I look forward to reading your report.

  • OCI would do well to take a break from from the ubiquitous focus on the statistics of climate failure if governments don’t act … and instead take a deep dive into the economic & societal consequences if governments were to ACTUALLY move to significantly reduce FF production & total emissions. Energy IS the economy and FFs are more than 90% of total primary energy. The intractable problem is that any serious attempts to reduce energy output & consumption of FFs would cripple and probably quickly tank the global economy that is entirely dependent on meeting rising energy demand by burning ever more FFs. The politics are obvious: No government is going to make policy that would reduce energy supply and use, because doing so would be to intentionally shrink the output & growth in every sector of the economy. Is that a winning campaign or public policy strategy?

    The price of everything would skyrocket. Costs would drive essential enterprises out of business. Manufacturing, retail, financial markets, healthcare, jobs of every description, food production & distribution, the military – anything you can name – each “sector” depends on FFs but all are interconnected in a complex, fragile balance that depends on maintaining growth and “energy security”. So no, governments will not be attempting to shrink their economies regardless of advertised”targets”. Instead all FF producing countries have openly declared intention to ramp up FF production indefinitely while pretending that “renewables” (currently at 0.004% of primary energy) can “transition us away from FFs” and bring on the miracle of a “100% clean energy economy”. Reality is that civilization and its governments, the climate, biodiversity and the Earth System are headed for collapse that is already underway.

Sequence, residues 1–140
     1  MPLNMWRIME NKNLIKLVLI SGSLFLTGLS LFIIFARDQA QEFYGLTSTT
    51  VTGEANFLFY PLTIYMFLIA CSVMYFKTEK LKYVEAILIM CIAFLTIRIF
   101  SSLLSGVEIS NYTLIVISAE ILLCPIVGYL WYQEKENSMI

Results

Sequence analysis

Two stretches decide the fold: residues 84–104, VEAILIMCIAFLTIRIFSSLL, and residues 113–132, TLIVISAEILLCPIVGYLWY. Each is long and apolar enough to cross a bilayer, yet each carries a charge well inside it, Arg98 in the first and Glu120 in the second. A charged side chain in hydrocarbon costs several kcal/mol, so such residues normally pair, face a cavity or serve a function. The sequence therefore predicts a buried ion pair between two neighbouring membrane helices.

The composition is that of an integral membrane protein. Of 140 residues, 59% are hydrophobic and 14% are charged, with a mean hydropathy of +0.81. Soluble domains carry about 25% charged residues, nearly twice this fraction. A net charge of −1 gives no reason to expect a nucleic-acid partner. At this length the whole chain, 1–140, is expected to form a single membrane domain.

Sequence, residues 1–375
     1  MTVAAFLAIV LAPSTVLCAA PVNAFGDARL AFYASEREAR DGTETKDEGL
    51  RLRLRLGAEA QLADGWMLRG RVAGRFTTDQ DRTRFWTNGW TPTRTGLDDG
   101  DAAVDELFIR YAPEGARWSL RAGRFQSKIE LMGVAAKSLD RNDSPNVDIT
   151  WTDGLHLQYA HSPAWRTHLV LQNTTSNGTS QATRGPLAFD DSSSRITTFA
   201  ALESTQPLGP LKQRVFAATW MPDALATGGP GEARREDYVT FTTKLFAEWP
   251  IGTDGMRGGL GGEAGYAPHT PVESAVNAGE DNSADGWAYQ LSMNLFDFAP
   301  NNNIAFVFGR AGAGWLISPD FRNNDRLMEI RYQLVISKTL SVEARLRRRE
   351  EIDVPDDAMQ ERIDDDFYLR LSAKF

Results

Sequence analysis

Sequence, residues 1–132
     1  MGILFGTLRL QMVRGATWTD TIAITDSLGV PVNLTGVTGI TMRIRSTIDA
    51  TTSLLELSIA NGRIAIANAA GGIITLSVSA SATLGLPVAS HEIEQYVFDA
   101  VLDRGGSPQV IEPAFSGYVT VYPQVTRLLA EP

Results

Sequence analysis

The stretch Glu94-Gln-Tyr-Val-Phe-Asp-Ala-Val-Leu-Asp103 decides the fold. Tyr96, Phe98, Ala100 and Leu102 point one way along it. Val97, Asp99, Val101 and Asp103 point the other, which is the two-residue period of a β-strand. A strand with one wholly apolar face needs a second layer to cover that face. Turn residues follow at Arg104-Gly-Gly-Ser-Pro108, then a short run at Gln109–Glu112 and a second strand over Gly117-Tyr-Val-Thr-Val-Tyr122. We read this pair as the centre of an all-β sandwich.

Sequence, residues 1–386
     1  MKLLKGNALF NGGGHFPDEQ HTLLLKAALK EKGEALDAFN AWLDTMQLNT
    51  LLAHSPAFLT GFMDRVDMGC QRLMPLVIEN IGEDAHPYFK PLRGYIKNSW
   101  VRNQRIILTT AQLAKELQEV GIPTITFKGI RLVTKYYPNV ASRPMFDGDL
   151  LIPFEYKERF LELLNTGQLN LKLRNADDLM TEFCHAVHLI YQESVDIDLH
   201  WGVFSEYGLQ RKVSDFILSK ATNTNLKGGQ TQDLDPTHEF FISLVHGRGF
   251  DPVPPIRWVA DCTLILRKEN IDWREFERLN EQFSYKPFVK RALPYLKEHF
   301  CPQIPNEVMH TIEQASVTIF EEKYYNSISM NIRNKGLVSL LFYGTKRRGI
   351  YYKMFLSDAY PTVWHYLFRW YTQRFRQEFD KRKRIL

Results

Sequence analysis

So, what do I suggest? Start researching & talking about what cities, towns, local communities everywhere need to be planning & preparing for when supply chains breakdown & don’t come back; when food & water supplies, sanitation & health services, and so on, become either unaffordable or too scarce to meet demand. Who is looking comprehensively at these scenarios? We are faced with business as usual going deeply south, but the narrative is still focused on the false premise that government & industry can slow or remediate or transition away from FFs. The Great Unraveling is talked about as if talking about it, chronicling it, were enough. Serious attention to adaptation, if it is even possible for more than a few, has yet to make headlines, much less anyone’s political agenda. Thinking ahead about what communities are in for & what can be done to prepare… that’s where OCI could make a difference.

  • Alarming situation on the earth. EVERYONE must come out of the sleep at the soonest.
    Very rightly said by Mr Daniel Williams. We must think about the alternatives of fossil fuel. Renewable energy is the theme of the time. One should look for Solar energy, wind energy, etc. Also, need to work to get energy from ocean’s waves. Geothermal energy also can be looked into though I have my own doubt that over a period of time it may harm the earth, may be the cause of earth quakes, not sure. I’m not a scholar on this subject but an awaken citizen.